• Our non-major electricity provider is increasingly sourcing energy from renewable sources and includes full emissions offsets, of which I remain critical
  • We do not own a dryer and instead air dry our laundry
  • We have a smart meter and I regularly monitor our electricity usage
  • We have changed over from gas heating to reverse cycle air conditioning for the main living space in the past year
  • We rarely use heating or cooling overnight

Shopping and physical goods

  • I avoid scanning through services like eBay and Gumtree because it is always easy to come across something that you want
  • I buy fewer material goods and have shifted my consumption towards information, books and experiences over the past two years
  • I buy items such as clothes and shoes a couple of times a year, if that, as I can’t stand shopping centres
  • I like to minimise the amount of stuff at home; no dustables, no collectables, very few ‘I might need this later’ items besides books
  • I maintain a low credit limit on the credit card
  • I try to maximise the life span of technology: I still use an iPod Nano for music, 10-year old computer speakers, Nokia 3G as a backup phone, an older flat screen TV, etc.
  • I try to repair things before replacing them
  • I try to sell things that I no longer need rather than throwing them away
  • We regularly borrow things like tools rather than buying our own, and also lend ours to neighbours
  • We sometimes create artificial barriers for treats, such as going on a long walk to get ice creams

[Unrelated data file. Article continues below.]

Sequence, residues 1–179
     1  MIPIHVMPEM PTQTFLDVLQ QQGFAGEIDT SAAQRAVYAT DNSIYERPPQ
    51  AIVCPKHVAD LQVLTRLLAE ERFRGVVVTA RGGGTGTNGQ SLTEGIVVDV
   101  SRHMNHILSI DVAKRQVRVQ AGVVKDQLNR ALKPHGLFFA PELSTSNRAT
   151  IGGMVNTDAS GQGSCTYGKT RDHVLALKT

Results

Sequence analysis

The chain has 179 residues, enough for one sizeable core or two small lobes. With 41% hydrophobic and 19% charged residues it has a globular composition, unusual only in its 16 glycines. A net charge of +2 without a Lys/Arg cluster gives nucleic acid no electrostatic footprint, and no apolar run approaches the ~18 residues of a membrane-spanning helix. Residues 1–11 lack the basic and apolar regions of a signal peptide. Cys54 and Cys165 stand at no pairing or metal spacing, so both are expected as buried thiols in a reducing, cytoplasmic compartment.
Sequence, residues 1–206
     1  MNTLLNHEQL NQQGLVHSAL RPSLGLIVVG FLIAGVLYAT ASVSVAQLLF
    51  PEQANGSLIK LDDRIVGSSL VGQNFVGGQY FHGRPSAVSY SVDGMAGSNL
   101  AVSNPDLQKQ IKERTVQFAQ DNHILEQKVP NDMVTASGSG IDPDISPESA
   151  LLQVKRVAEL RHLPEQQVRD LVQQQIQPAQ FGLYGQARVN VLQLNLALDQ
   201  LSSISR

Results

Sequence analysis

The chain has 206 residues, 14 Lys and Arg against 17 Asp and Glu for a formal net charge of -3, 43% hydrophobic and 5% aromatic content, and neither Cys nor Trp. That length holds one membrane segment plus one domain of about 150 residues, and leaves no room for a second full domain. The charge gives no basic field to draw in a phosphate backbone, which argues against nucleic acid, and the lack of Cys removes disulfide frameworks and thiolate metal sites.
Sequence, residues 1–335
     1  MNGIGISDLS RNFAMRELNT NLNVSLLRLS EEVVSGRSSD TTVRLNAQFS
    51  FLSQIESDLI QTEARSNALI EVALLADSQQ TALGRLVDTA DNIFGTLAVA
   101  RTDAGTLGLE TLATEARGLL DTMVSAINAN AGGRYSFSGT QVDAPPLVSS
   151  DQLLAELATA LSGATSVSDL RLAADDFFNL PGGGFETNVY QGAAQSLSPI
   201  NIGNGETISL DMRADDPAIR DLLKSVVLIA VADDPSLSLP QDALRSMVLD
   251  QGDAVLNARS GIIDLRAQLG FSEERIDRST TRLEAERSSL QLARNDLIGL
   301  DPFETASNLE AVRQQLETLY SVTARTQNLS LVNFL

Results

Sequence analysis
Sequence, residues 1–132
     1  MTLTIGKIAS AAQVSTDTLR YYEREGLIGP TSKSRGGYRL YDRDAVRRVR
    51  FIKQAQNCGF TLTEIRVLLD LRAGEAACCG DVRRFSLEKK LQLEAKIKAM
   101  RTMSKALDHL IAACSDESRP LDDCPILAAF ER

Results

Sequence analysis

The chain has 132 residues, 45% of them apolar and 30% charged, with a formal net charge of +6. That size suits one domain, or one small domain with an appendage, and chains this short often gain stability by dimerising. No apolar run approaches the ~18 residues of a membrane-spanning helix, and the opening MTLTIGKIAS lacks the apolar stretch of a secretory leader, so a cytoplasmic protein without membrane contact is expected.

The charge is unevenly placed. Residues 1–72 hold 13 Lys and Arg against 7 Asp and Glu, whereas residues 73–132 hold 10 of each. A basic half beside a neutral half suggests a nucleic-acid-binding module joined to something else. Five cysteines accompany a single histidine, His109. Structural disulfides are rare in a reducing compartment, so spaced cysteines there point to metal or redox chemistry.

• We try to avoid small disposable gifts at family functions e.g. Kris Kringle
  • We try to minimise buying any plastic items, especially single-use ones


  • We compost virtually all of our food waste using in-ground worm farms
  • We usually only put a single bin bag in the landfill bin, in a typical week
  • We recycle as much as we can
  • We take soft plastic back to the supermarket for recycling


  • I don’t use Uber for several reasons, and minimise the use of taxis
  • I don’t drive to the office
  • I have reduced my flying over the past year: no work-related flights, no domestic holiday flights, family visits only
  • I try to work from home at least one day a week to reduce travel
  • Most of my commuting is by bicycle, followed by public transport
  • We aim for five car free days for the week, and often succeed
  • We drive a few times each week, primarily for the weekly grocery shop and family trips
  • We have good access to public transport and use it regularly
  • We go for local leisure walks at least once a week
  • We’ve gone from having two cars down to one in the past year

Avoiding manufactured convenience

  • I avoid going to convenience stores; if I have to, my planning has failed
  • I cut my own hair
  • I limit my spending by never borrowing money for consumption
  • I do not buy takeaway coffee
  • I do not pay interest on everyday purchases